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Sun Life Assurance Co. of Canada v. Conestoga Trust Services, LLC

United States District Court, E.D. Tennessee

July 12, 2017

CONESTOGA TRUST SERVICES, LLC, As Trustee of Conestoga Settlement Trust, Defendant.

          GUYTON, Judge


          REEVES, Judge

         This case concerns a life insurance policy issued by Sun Life Assurance Company of Canada on the life of Erwin Collins. Sun Life filed this action seeking a declaration that the policy is void due to having been procured as a wagering contract on the life of Collins. Sun Life contends the policy is a “stranger originated life insurance (STOLI)” policy, wherein investors utilized Collins' life as a conduit to procure the policy, wager on his life, and profit from his death. Therefore, Sun Life argues Conestoga has no right to recover proceeds from the life insurance policy because the policy is void ab initio.

         Defendant, Conestoga Trust Services, LLC, is the sixth assignee of the ownership rights in the policy. Conestoga responds there is no evidence that “stranger investors” procured the policy, and it is permissible to take out a life insurance policy with the hope of trying to sell the policy on the secondary market. In the event the court declares the Sun Life policy void, Conestoga asserts Sun Life must return to Conestoga the premiums paid to Sun Life.

         For the reasons that follow, the court finds there was a pre-existing agreement for Erwin Collins to obtain the policy and transfer it to a stranger investor. Therefore, the policy constitutes a STOLI scheme, and under Tennessee law, it violates public policy and is void ab initio. As a result, Sun Life does not have to pay the death benefit to Conestoga. However, Sun Life must refund the premiums to Conestoga so that Sun Life does not obtain a windfall.

         Prior to discussing the motions for summary judgment, the court will address Conestoga's motion to amend and Sun Life's motion to strike.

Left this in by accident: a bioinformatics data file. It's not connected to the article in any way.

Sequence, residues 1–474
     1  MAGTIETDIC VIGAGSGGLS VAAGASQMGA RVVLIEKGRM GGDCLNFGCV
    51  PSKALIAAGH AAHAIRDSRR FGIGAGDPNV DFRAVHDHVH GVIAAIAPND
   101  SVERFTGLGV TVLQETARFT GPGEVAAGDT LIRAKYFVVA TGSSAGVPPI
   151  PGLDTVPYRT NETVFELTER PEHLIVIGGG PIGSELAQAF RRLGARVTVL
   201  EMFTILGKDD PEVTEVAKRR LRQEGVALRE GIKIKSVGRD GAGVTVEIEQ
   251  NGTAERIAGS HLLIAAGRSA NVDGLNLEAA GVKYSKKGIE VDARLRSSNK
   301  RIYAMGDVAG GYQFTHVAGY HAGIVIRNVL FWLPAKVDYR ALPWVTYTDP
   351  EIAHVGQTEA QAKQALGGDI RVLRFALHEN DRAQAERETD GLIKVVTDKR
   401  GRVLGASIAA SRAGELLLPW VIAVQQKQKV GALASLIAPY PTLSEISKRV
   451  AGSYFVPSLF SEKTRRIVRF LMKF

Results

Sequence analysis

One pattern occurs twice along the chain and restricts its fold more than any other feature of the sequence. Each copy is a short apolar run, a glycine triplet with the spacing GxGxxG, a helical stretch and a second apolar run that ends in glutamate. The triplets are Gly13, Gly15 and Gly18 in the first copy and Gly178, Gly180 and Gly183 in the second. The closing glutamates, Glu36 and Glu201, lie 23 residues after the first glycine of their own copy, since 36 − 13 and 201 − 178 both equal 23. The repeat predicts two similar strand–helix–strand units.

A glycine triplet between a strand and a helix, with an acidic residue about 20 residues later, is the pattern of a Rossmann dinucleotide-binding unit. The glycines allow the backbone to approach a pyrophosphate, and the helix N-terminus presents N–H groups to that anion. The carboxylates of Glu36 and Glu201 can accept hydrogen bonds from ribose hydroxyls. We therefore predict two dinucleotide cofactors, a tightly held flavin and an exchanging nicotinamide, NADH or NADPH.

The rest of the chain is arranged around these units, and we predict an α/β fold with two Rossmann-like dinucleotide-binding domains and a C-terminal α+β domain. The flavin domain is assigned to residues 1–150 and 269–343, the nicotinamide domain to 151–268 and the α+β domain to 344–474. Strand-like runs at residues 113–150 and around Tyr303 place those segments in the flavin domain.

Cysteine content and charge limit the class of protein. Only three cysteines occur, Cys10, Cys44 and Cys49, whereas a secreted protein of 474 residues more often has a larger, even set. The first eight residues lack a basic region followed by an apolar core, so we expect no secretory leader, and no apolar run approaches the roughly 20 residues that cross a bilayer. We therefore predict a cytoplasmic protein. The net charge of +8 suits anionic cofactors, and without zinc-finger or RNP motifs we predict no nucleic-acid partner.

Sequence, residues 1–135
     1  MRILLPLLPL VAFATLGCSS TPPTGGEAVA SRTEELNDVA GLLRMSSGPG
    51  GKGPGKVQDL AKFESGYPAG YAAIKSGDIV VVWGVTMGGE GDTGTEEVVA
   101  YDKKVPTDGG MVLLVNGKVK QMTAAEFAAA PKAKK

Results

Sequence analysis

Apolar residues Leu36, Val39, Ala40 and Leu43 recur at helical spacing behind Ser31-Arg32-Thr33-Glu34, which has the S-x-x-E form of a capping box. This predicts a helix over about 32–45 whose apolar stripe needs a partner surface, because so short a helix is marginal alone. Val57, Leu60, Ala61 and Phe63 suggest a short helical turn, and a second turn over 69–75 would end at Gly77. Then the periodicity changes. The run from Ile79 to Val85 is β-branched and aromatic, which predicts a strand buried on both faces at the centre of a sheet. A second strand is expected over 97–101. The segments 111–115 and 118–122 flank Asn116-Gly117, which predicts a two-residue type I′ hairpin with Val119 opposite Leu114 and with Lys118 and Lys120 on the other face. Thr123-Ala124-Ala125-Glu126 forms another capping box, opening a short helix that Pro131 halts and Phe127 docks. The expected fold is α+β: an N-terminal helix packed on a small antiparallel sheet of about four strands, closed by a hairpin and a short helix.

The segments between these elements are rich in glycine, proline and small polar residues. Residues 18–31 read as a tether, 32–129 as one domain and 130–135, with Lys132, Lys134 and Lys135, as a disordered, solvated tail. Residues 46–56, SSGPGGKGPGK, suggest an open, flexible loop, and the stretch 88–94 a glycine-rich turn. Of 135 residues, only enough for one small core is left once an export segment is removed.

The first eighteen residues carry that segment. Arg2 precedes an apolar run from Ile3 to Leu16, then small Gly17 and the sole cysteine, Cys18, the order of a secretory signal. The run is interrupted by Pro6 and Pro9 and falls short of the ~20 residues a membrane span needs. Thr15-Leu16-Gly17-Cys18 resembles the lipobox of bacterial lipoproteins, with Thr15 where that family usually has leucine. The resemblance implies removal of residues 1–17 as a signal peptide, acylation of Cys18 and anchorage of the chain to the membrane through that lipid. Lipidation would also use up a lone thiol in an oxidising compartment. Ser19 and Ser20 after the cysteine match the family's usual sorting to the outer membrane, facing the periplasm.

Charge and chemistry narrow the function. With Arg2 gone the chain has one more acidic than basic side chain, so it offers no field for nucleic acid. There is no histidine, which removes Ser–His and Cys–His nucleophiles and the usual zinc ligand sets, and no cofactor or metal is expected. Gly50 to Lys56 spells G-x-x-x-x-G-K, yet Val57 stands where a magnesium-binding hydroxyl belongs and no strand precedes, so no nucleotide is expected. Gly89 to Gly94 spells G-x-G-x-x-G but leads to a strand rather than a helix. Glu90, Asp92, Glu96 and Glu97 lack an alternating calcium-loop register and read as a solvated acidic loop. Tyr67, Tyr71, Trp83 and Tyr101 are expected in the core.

I. Motion to Amend

         Conestoga moves to amend its answer and counter-complaint to include an alternative claim for bad faith under Tennessee law, and an alternative claim for return of premiums paid by Conestoga to Sun Life [R. 71]. Sun Life opposes the motion as untimely, futile, and delaying the proceedings [R. 82].

         Pursuant to Federal Rule of Civil Procedure 15(a)(2), a party may amend its pleading only with the opposing party's written consent or the court's leave. Although the decision to permit amendment of pleadings is committed to the discretion of the court, the court's discretion is limited by Rule 15(a)'s liberal policy of permitting amendments to ensure the determination of claims on their merits. Marks v. Shell Oil Co., 830 F.2d 68, 69 (6th Cir. 1987). Because Rule 15(a) envisions liberal allowance of amendments to pleadings, there must be some substantial reason justifying denial of the motion. Smith v. Garden Way, Inc., 821 F.Supp. 1486, 1488 n. 2 (N.D.Ga. 1993). In evaluating the interests of justice, courts typically consider whether the amendment is brought in bad faith or for dilatory purposes, would result in undue delay or prejudice to the opposing party, or would be futile. Graham v. Luttrell, 191 F.3d 452 (6th Cir. 1999).